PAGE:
I’ve been revisiting some of my favorite goodies in the Slack menagerie, and I figured I might pass them along to some of you looking for Scooby clues to your own personal mystery. I’m something of an explorer junkie, and I get a thrill out of finding new and exciting things that delight me. I have a certain rarefied taste for the weird, the exotic, the forgotten, and the “snake fingers”. Or at least I tell myself I do!
There’s an artist named Eric Shanower, who is doing a comic book adaptation of the Trojan War, called Age of Bronze. When he completes a story arc, it gets published in a graphic novel (I’m sorry, “trade paperback”) form by Image Comics. Two of the seven volumes, A Thousand Ships and Sacrifice are out now, and the third volume is coming out by the end of this year. I’m getting the shakes just thinking about it.
The writing and the artwork are nothing short of stunning. Eric has studied his subject well, and he manages to make the culture and the historical events come alive in a way I’ve never quite seen before. Every character comes across so you know who they are, and what part they are playing. The clothes, the weapons, the intrigues and customs are so fascinating, I can’t pull away. I highly recommend anyone who loves ancient cultures, epic stories, or human drama pick this up. The realism and the believability are very high. The sex and violence are handled very well, played out as matter-of-fact experiences suitable to the era. There are no cheap thrills here.
Two things really move me about the series. One is the way in which the “gods” are handled. When it comes to the supernatural, dreams become messages from the Gods, centaurs and nymphs are a particular type of people studying a certain kind of craft, and storms become visible manifestations of a deity’s divine disfavor. It’s all in their heads, but the psychic influence is very real. The characters in the story come in all shapes and sizes of “belief”, but they all accept the supernatural as a given explanation for anything beyond their immediate psychological experience. It reminds me of the closeness of aboriginal peoples to the unconscious, and yet these are all characters who are setting down one of the foundations of western culture. It’s fascinating.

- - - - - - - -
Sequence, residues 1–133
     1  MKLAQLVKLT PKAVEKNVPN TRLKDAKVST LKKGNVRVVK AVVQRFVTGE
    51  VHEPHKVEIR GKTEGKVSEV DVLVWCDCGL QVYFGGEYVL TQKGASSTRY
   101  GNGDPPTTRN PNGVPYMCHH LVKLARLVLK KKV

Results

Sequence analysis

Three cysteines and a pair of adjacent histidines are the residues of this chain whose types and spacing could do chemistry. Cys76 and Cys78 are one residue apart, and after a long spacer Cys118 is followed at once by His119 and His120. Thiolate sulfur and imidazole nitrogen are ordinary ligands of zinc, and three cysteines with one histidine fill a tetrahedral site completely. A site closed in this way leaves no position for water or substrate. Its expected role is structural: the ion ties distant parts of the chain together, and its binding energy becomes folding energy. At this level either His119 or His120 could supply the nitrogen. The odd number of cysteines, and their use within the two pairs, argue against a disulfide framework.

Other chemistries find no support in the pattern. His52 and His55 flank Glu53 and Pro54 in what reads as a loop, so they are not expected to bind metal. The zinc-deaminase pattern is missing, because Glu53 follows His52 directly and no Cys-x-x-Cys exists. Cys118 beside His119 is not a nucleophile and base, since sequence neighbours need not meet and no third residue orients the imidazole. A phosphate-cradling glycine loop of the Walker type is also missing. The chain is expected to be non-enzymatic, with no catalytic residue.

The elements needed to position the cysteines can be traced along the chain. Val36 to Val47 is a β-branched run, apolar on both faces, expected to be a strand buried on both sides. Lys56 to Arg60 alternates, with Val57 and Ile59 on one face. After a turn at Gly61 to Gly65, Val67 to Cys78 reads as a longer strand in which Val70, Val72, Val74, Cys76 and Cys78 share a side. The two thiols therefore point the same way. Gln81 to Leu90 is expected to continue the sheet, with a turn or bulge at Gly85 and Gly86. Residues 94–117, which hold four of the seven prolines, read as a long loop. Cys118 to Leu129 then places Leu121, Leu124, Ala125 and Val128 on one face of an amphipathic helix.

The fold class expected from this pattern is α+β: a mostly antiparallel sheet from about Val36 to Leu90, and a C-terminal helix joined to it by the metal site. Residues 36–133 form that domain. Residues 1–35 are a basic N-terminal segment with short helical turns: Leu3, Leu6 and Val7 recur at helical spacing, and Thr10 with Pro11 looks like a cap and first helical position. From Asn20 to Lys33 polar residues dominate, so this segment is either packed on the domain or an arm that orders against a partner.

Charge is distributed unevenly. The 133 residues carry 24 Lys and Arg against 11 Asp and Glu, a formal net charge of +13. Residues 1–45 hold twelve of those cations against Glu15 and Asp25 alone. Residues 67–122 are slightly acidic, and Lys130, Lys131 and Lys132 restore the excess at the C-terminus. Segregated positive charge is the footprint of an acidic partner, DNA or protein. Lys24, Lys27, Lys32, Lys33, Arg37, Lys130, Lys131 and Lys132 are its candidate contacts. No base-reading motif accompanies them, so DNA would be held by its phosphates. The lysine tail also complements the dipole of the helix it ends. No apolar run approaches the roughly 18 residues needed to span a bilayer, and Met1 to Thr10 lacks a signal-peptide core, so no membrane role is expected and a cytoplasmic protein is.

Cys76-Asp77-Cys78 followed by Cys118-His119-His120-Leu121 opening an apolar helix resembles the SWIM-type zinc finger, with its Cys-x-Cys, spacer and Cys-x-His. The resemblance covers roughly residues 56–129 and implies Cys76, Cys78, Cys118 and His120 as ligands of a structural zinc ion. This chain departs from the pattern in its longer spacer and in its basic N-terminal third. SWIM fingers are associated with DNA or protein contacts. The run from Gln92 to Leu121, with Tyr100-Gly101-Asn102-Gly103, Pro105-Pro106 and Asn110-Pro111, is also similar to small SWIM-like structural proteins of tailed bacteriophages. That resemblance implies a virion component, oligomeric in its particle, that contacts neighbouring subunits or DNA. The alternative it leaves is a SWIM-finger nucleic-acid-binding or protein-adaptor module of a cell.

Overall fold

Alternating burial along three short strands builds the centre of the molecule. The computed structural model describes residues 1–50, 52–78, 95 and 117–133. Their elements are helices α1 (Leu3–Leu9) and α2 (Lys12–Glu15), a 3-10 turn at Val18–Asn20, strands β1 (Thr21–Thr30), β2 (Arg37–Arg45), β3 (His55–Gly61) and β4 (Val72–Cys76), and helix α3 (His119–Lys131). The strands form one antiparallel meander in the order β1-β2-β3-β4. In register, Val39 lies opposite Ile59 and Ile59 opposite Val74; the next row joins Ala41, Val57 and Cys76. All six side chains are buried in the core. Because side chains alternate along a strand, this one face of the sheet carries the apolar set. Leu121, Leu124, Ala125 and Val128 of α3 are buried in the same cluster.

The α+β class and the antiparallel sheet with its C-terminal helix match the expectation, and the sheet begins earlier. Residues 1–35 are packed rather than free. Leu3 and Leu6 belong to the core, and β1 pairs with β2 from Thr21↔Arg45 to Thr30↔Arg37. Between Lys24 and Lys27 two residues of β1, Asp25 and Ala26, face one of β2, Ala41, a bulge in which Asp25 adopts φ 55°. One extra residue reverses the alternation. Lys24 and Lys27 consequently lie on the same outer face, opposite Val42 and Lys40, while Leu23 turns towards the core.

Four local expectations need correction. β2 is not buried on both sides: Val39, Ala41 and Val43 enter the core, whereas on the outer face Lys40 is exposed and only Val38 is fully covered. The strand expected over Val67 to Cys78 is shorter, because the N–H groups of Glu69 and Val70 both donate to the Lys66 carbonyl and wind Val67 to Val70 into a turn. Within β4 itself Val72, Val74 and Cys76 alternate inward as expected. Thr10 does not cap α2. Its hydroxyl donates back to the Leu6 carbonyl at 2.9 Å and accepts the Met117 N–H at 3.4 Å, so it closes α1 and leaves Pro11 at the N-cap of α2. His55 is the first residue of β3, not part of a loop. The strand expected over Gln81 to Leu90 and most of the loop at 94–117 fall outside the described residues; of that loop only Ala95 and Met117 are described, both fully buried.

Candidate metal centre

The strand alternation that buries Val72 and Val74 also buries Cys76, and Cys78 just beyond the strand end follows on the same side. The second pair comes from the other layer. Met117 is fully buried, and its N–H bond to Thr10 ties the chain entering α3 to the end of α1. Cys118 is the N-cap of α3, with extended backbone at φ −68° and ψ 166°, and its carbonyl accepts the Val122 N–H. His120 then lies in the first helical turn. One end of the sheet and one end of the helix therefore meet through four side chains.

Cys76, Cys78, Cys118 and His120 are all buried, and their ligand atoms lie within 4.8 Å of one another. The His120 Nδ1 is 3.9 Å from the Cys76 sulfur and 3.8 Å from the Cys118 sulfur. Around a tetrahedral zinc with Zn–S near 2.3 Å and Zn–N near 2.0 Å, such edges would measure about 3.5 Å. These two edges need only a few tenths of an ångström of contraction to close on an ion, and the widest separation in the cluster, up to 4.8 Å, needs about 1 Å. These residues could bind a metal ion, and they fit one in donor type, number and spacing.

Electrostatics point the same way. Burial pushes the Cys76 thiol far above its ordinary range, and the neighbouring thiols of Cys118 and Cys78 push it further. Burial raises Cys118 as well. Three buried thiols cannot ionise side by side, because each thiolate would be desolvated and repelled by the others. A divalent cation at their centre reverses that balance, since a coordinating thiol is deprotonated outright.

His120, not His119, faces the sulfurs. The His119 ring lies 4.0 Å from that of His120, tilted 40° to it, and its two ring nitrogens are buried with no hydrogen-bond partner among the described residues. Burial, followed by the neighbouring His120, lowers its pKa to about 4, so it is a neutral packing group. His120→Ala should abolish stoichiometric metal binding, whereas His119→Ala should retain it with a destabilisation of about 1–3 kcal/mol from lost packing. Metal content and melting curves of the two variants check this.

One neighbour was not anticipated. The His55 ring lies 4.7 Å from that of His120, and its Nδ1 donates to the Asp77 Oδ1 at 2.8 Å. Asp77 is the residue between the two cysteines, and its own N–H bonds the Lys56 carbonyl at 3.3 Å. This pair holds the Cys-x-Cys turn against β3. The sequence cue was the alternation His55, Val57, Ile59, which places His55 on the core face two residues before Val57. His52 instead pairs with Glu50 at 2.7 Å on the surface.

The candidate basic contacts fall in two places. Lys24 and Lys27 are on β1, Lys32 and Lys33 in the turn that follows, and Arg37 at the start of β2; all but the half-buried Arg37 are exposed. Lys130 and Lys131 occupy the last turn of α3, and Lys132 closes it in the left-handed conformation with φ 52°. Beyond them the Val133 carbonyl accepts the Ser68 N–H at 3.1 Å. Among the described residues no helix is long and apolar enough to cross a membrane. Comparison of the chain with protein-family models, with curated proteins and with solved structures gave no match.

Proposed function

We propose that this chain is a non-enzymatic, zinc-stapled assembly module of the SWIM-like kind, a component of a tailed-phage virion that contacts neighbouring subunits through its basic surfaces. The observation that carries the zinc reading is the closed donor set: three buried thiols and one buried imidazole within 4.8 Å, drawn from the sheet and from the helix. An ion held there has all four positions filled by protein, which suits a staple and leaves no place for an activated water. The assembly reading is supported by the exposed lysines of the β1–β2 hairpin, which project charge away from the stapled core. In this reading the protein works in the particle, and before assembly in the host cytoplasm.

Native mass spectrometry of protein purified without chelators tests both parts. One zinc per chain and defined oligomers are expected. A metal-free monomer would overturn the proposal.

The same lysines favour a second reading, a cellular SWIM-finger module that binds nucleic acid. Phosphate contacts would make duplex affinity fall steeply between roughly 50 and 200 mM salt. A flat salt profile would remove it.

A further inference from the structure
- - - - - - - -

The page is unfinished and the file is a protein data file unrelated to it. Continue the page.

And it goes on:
The other thing that moves me is the way in which the story makes the Trojan War accessible and interesting. I just haven’t had an interest in reading about the Trojan War, even though it’s something that is set down as a classic of “literature”, simply because nothing hooked me about it. But this stuff is awesome. Eric’s writing manages to juggle dozens of names, kingdoms, and events and keep them down-to-earth and understandable. You want to know about these people, because you become invested in their stories, from the problems of King Agamemnon, to the destiny of Achilles and the hubris of Paris, it’s captivating in a way that makes history (such as we know of it) fun and exciting.
In case you haven’t guessed, I’m a “gamer”. I have a lot of hours of the roleplaying game culture under my belt, some of it productive, some of it not so much. Right now, there’s an independent movement in the roleplaying game community, and it’s producing some of the best gameplay and theory I’ve ever seen. While the big models lose money and produce increasingly meaningless drivel, creator-owned and developed games are hitting the market from left field in a way that is exciting and amazing.
One of the games from this fertile field is Lumpley’s Dogs In The Vineyard. You play the watchdogs of God in a wild west that never was. Essentially, you are traveling witch hunters who deliver the mail, lend a hand in the community, and purge the faithful of their demons and sin. The background is some of the most awesome stuff I’ve ever read in a roleplaying game. The rules are pretty simple; you have a character sheet of “traits” that measure how much narrative control you have over conflicts. When there’s a conflict, everyone rolls dice and describes how they bring their traits into the fray. The dice are used like cards in a series of “raises” and “sees”, until somebody runs out of luck and has to give. The game can be played in four hours and tossed aside, or played for long-term character development.
The gamemaster is a just another “player”, and the group has to collaboratively create the game’s story as it moves along. There’s no “prep”, really. You make up characters, the gamemaster makes up a few proto-NPCs and a basic town structure, and everything gets created as the play moves along. Players are expected to be effective and win, and the gamemaster is not allowed to have an outcome in mind. The challenge is in coming up with conflicts that escalate out of control so that when the players get to decide the outcome, they have to decide if it’s worth the cost.